November 10, 2020

by Tim Williams

In business as in war, the surest way to lose a battle is to send your troops marching in multiple directions. Military leaders know that battles are won by concentrating their forces on a clear objective.

It’s not just coincidental that the marketing business has borrowed the language of war. We identify “targets” and wage “campaigns.” In fact, the word “strategy” was originally used only in a military context; it wasn’t until the early 1960s that we started using the term in a business setting.

Unfortunately, the lessons that have been learned the hard way by commanders in the field haven’t yet been learned by many leaders in the business world. In conflicts between opposing armies, “positioning” (another military term) is a matter of life and death.

History’s greatest commanders were rightly obsessed with gaining the advantage on the battlefield through careful positioning. As Lord Wellington, who defeated Napoleon at Waterloo, observed: “When you’re positioned correctly, you can win the battle before you fight.”
No reason to exist

In the classic article The Origin of Strategy, Bruce Henderson, founder of Boston Consulting Group, posits that “Unless a business has a unique advantage over its rivals, it has no reason to exist.”

Identifying and developing a unique advantage is a process of deep exploration, not superficial inquiry. When you’re searching for water in the desert, the best strategy isn’t to cover as much ground as possible by scooping out hundreds of shallow holes, but to make the commitment to dig just a few deep shafts that will lead to what you’re looking for.

In the world of professional services, the claim that your firm offers “a wide variety of services in many different industries” is the equivalent of a hundred shallow holes. To say you do everything for everybody is not a strategy, but rather the absence of a strategy.
The few and the many

Positioning means framing your offering in a way that makes your firm the perfect solution for some types of clients, but not all. Harvard’s Michael Porter teaches the idea that developing an effective positioning means committing to one of three basic strategies:

  1. Serving few needs of many customers (expertise in a particular type of service offering)
  2. Serving broad needs of few customers (expertise in a particular type of customer)
  3. Serving broad needs in a narrow market (expertise in a particular type of market)

The marketing firm redpepper calls this level of differentiation “sharp corners.” A commitment to a type of competency, customer, or market gives your company a sharply-defined positioning that attracts the exact type of client you’re looking for.

Where not to look

Just remember that you’re unlikely to discover your points of differentiation by looking at your competitors. As Youngme Moon writes in Different: Escaping the Competitive Herd, organizations get collectively locked into the "cadence of competition" in which the harder they compete, the more they begin to look and sound the same (because they are reflecting, chasing and copying one another's strategies).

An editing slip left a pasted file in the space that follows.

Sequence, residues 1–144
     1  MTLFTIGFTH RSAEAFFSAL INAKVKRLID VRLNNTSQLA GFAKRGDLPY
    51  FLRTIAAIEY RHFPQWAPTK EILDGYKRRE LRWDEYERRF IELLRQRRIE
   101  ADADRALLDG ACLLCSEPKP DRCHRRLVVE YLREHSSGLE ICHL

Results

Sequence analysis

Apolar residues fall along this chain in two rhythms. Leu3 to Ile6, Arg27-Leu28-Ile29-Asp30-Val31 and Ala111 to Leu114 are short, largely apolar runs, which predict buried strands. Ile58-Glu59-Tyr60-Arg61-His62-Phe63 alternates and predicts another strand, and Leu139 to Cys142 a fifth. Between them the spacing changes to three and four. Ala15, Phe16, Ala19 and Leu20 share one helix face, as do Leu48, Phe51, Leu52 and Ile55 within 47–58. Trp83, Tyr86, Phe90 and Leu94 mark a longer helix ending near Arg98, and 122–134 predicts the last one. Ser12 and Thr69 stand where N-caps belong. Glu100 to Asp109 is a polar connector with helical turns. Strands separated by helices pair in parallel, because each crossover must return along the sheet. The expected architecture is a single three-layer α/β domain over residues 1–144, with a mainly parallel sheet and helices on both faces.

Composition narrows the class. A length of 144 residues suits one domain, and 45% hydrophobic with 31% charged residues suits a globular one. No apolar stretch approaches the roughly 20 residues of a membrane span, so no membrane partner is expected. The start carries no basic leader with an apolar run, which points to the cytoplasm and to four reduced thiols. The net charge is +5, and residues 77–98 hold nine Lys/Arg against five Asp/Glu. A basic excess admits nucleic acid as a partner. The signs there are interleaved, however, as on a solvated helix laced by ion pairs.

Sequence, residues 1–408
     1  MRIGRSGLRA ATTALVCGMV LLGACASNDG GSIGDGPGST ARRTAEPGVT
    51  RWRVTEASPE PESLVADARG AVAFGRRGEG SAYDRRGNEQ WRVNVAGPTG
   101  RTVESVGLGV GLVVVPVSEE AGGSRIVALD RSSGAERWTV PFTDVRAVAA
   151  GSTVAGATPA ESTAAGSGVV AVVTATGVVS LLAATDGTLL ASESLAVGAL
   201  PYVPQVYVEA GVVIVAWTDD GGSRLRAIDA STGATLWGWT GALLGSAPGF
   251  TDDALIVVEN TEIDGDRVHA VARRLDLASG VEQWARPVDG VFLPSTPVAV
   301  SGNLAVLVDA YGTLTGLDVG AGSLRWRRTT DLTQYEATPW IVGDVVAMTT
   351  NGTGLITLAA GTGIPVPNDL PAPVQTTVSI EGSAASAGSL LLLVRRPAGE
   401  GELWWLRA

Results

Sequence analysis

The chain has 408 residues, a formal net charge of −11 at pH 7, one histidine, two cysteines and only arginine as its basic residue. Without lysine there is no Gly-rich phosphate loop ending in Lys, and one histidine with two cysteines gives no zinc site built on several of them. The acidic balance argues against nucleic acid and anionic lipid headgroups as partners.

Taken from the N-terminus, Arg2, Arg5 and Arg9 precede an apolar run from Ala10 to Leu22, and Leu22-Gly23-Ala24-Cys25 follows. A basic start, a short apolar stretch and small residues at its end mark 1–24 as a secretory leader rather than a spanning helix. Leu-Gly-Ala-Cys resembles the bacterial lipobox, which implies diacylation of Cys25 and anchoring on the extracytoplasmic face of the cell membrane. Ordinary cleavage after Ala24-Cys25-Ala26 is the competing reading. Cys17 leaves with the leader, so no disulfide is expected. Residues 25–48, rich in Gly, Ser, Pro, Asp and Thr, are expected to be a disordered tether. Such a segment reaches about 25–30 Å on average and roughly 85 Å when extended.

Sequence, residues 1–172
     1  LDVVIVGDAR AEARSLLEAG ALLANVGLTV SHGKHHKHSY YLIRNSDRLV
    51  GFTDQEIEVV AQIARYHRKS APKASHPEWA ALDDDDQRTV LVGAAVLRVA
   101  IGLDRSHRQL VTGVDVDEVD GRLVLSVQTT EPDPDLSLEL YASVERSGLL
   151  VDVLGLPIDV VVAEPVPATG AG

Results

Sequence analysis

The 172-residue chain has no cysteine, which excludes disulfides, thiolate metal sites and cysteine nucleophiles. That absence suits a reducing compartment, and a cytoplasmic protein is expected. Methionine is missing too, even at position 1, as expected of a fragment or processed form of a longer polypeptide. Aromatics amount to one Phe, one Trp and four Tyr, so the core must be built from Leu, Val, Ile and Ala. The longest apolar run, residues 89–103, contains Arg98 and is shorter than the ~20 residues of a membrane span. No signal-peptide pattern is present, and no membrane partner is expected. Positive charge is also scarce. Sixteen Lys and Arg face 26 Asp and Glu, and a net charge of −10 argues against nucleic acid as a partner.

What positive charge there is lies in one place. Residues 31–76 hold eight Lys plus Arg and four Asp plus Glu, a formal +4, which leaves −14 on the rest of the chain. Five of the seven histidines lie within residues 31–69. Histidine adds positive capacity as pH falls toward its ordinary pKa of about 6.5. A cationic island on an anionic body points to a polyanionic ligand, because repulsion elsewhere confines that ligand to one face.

Similarly, you won’t find the essence of a differentiating strategy by asking your clients. Positioning strategy is not a popularity contest. Asking customers what your strategy should be will only pull you closer to the middle, because customers can only compare you to what already exists in the category, not what is possible.

Say “no” now so you can say “yes” later

Committing to focus on what you know or do best pays off both in the short- and the long-term. Saying “no” to the opportunities that aren’t a good fit now allows you to marshal your resources so you can say “yes” to future new business that aligns with your strengths — business you can serve effectively and profitably.

Lars Sorensen, head of the global healthcare company Novo Nordisk, named recently by Harvard Business Review as #1 among best-performing CEOs in the world, says the secret to his company’s success has been to resist diversifying beyond their core competency in diabetes. “For the past 20 years,” says Sorensen, “we’ve been focused on what we’re really good at.” The stellar performance and reputation of this company is a testament to the power of doing just a few things well.

A framework for going deep

To get to the heart of your positioning strategy, several different frameworks can be useful, such as VRIO, which asks four constituent questions:

  1. The question of Value: Is the firm able to exploit an opportunity or neutralize an external threat with the resource/capability?
  2. The question of Rarity: Is control of the resource/capability in the hands of a relative few?
  3. The question of Imitability: Is it difficult to imitate, and will there be significant cost disadvantage to a firm trying to obtain, develop, or duplicate the resource/capability?
  4. The question of Organization: Is the firm organized, ready, and able to exploit the resource/capability?

Developing a business strategy that scores well on all four of these questions means you’ll be digging deep into your competencies, knowledge, and expertise.

In the world of gemstone mining, the rarest and most valuable diamond — the blue diamond — is found only in superdeep mines. The same is true in strategic planning, the further you dig the more likely you are to discover rare value.


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